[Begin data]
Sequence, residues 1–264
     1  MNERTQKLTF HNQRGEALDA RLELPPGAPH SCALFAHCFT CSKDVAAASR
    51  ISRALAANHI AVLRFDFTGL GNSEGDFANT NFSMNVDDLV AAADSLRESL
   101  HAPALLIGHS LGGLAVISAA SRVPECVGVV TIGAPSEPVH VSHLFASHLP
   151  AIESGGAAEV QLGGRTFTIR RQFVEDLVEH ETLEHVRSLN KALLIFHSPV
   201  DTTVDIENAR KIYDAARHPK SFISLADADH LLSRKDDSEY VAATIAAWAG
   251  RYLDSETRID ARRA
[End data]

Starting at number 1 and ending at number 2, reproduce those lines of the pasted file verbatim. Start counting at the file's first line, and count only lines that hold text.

Sequence, residues 1–264
     1  MNERTQKLTF HNQRGEALDA RLELPPGAPH SCALFAHCFT CSKDVAAASR